Japan Australia Pages

Sunday, February 28, 2021

Samurai City Aizuwakamatsu

Aizuwakamatsu in western Fukushima Prefecture was regarded as one of the last strongholds of samurai culture when Japan made the transition from the feudal Edo period (1603-1868) under the Tokugawa Shogunate to the Meiji period and restoration of imperial rule.

Its strategic location in southern Tohoku saw Aizuwakamatsu flourish as a political and military center with a rich samurai history stretching back over 1,000 years. It has served as the seat of power for some of Japan’s most celebrated samurai warriors.

Today the local people of Aizuwakamatsu are proud of their samurai heritage and traditional culture which has seen a revival after the dark days of the Boshin Civil War (1868-1869) and the fall of the Aizu clan.

In the first part of this three-part series on Aizuwakamatsu, we will be exploring the samurai city and its connections to its samurai past.

Tsuruga Castle

Tsuruga Castle, also called Aizuwakamatsu Castle was the seat of power of Aizu Domain and the last stand for the samurai of Aizu during the Battle of Aizu in the Boshin War.

The Boshin War was a civil war fought between forces still loyal to the shogun and the new Meiji government which had returned power to the imperial court.

Tsuruga Castle, which was built in 1593 by Gamo Ujisato (1556-1595) was said to be impregnable with no blind angles and it certainly lived up to this during the Battle of Aizu in 1868 when it was attacked by imperial forces.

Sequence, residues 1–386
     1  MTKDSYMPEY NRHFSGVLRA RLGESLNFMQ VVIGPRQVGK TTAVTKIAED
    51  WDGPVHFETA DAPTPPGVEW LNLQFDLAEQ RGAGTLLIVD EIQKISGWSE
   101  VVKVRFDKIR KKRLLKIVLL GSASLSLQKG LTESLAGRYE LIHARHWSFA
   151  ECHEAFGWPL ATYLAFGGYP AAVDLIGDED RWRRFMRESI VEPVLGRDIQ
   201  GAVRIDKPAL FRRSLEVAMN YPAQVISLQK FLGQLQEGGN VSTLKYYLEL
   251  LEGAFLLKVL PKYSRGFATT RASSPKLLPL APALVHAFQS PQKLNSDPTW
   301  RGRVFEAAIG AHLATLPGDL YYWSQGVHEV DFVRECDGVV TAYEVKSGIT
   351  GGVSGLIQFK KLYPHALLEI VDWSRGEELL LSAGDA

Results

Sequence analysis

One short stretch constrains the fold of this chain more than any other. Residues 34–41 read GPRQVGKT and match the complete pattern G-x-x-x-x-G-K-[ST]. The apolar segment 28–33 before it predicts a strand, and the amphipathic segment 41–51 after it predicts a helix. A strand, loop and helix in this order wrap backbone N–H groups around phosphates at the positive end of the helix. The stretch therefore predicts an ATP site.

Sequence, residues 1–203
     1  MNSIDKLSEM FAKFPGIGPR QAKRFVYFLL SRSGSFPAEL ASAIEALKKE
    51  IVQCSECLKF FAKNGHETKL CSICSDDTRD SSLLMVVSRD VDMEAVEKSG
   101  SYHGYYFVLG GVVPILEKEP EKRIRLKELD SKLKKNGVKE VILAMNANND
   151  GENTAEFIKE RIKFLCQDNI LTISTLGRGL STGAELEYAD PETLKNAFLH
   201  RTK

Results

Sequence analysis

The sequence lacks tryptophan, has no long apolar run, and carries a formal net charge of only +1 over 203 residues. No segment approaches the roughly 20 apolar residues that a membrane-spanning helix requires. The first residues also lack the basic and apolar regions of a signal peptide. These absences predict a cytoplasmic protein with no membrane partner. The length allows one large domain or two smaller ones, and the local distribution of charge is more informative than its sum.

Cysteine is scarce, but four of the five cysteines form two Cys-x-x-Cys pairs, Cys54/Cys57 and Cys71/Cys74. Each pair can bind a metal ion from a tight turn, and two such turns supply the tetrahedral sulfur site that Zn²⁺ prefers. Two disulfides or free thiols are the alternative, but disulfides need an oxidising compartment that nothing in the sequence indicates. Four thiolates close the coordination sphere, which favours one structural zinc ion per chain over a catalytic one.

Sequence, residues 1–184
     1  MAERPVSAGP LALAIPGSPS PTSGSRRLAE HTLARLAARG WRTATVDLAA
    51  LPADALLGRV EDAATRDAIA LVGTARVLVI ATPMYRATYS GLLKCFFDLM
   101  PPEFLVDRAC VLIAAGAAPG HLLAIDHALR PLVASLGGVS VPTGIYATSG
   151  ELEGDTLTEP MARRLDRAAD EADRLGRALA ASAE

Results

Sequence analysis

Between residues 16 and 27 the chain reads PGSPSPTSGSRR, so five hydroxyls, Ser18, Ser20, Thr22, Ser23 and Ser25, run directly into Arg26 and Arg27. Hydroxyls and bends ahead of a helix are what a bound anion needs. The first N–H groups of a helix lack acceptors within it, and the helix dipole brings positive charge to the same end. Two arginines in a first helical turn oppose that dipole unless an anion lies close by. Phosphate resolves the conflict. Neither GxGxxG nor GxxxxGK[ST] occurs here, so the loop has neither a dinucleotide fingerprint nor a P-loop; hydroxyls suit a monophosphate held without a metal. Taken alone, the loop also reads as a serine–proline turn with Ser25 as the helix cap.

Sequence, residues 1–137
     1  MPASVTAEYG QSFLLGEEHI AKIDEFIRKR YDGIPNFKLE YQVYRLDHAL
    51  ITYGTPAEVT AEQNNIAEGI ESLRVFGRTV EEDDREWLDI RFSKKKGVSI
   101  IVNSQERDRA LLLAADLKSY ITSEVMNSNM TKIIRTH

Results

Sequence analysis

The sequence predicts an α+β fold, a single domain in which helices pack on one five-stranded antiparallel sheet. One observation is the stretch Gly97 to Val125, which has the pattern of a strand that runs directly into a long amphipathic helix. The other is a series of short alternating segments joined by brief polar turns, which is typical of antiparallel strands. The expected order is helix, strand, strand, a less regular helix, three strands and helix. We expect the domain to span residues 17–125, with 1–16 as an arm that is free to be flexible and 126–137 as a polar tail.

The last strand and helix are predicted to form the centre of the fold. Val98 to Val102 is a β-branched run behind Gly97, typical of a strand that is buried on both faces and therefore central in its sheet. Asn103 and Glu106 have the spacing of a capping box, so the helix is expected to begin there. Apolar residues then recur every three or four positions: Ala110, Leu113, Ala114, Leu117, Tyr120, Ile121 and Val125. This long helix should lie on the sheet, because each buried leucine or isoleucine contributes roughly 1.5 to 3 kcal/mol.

Tsuruga Castle

The Aizu clan, loyal to the Tokugawa Shogunate fought bravely against all odds to defend the castle against superior numbers in a month-long siege. Despite defeat and being bombarded by 50 imperial cannons, Tsuruga Castle withstood the attack and remained standing. On November 6, 1868 the castle was finally surrendered by Matsudaira Katamori (Lord of the Aizu clan), bringing about the end to the Battle of Aizu. 

Original Stone Wall at Tsuruga Castle

A great story that sums up the spirit and dedication of Aizu clan samurai is the belfry at Tsuruga Castle. The bell in the belfry was struck to announce the correct time to the people of the castle town. During the Battle of Aizu, it was targeted by imperial cannons but even under heavy cannon fire it did not stop ringing the correct time to the locals until the end of the war.

Tsuruga Castle from near the Belfry

Unfortunately, the castle was demolished by the new Meiji-era government in 1874 who left only the stone walls and surrounding perimeters in place. The current main keep is a reconstruction that was completed in 1965. The castle is famous for having the only aka-kawara red roof tiles in all of Japan.

Main Keep of Tsuruga Castle


Iimoriyama is a small hill near Tsuruga Castle that is famous for being the site where a group of twenty young Aizu clan samurai, members of the Byakkotai (White Tiger Unit) committed seppuku (ritual suicide).


The young 16 and 17 year old samurai who were fighting in the Boshin War against imperial forces became separated from the rest of their unit during the Battle of Aizu. They knew Iimoriyama well since it was close to where they lived, so retreated there to regroup. From the hill they saw what they thought was Tsuruga Castle engulfed in flames and believing the battle to be lost, committed seppuku. What they didn’t know was that the castle had not actually been taken and it was the surrounding buildings that were ablaze.